Recycled paper goes through a re-pulping process to break it down into fibers that can form the basis of new paper products. The color and ink are removed, it is cleaned and decontaminated, then pressed into thin sheets. Recycled paper is used to make office paper, cardboard boxes, cartons, paper towels, napkins, tissues, newspapers, brown bags, envelopes, cards, egg cartons, building insulation and even kitty litter. The EPA estimates recycling 1 ton of paper saves 17 mature trees. Products made of recycled paper have just as high quality as virgin paper.
Producing New Plastic Products from Recycled Plastics
Plastic items are shredded and melted down into resin pellets that manufacturers use to produce new plastic goods. Recycled PET plastic is used to make products like polar fleece jackets, carpets, auto parts, paint brushes, bottles, and food containers. HDPE plastic is recycled into recycling bins, compost bins, buckets, crates, bottles, and playground equipment. PVC can be recycled into products like garden hoses, flooring, speed bumps, and roadway gutters. Other types of plastic are recycled into plastic lumber, lawn furniture, plastic wood decking, benches, and office accessories.
Turning Glass Bottles into New Glass Products
Used glass bottles and jars are broken up, cleaned, separated by color, and then crushed into tiny pieces called cullet. The cullet is mixed with sand and other additives and melted at high temperatures to make liquid glass. New amber-colored glass jars and green wine bottles are endlessly recycled from old containers through this process. Recycled glass is also used to make decorative and construction products like countertops, tile and insulation. Because glass is infinitely recyclable, recycled glass products have the same quality as products made from raw materials.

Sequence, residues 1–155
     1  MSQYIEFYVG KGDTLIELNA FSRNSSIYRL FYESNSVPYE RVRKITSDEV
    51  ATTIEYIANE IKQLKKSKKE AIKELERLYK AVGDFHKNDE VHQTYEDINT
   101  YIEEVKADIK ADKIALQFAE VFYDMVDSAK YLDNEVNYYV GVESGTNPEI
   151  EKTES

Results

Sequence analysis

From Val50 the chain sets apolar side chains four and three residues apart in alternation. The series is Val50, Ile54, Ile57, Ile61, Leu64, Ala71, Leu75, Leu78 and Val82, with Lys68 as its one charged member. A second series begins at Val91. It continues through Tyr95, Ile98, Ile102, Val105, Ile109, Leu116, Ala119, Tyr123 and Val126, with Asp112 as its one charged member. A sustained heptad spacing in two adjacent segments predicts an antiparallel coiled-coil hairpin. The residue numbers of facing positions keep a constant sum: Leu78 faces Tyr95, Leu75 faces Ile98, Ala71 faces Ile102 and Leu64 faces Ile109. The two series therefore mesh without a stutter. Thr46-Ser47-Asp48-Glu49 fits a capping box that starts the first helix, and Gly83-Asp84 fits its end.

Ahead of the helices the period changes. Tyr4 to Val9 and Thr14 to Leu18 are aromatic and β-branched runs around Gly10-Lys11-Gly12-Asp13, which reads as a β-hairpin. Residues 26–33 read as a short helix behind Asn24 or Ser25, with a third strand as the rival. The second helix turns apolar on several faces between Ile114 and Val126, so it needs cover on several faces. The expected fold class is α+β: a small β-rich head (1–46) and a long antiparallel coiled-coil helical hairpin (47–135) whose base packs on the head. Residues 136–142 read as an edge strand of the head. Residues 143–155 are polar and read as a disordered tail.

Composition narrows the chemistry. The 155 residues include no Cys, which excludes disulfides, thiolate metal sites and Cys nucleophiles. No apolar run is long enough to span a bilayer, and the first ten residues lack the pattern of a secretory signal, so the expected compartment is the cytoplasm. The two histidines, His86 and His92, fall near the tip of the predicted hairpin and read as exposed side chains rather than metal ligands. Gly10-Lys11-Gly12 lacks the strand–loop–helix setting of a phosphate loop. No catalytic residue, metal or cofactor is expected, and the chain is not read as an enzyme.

Recycling Metals into New Metal Items
Metals like aluminum, copper, steel and tin are highly recyclable materials used to make new cans, appliances, electronics, construction materials and car parts. Recycling metals saves up to 95% of the energy needed to produce metal from raw materials. Aluminum can be recycled repeatedly into new cans or aircraft parts, vehicle components or foil with no loss of quality. Steel food cans become construction materials, vehicle bodies or new cans. Copper and tin are recycled into wires, hot water pipes or roofing materials. Precious metals like gold and silver are also commonly recycled for reuse in jewelry or electronics.
Creating Compost from Food and Garden Waste
Kitchen scraps and garden waste together make up about 30% of what households throw away, but all that food waste and yard debris can become useful compost instead. Fruits, vegetables, egg shells, coffee grounds and small branches can decompose together into a rich fertilizer full of nutrients for gardens, planting beds and potted plants when moisture, oxygen and heat chemically break it down. The compost feeds helpful microbes in the soil which allow plants to grow faster and stronger. Composting also prevents methane gases that result from decaying food waste in landfills.
Benefits of Recycling for the Environment
There are many environmental benefits from recycling waste instead of allowing it end up in a landfill. Recycling reduces the need for landfills as well as incinerators. It decreases pollution caused by the manufacturing of new products. Recycling prevents the loss of forests since it reduces the need for virgin paper production. Producing goods from recycled materials also typically consumes less energy and water than creating items from raw materials. Recycled goods have lower associated carbon emissions too. Overall, recycling helps preserve natural resources for the future and leads to cleaner air and waterways.
How You Can Recycle More in Your Home and Community
You can help increase recycling rates by properly separating your paper, plastics, glass and metals instead of putting them in your regular trash. Break down cardboard boxes, rinse containers and sort your recyclables by category. Check with your city about curbside recycling guidelines so all your efforts don’t end up in the landfill. Talk to your family members, friends and neighbors about the importance and proper methods for recycling too. You can also get involved in local environmental groups that promote and facilitate better recycling and waste reduction programs on a larger community scale. With more participation, recycling will continue growing over the coming years.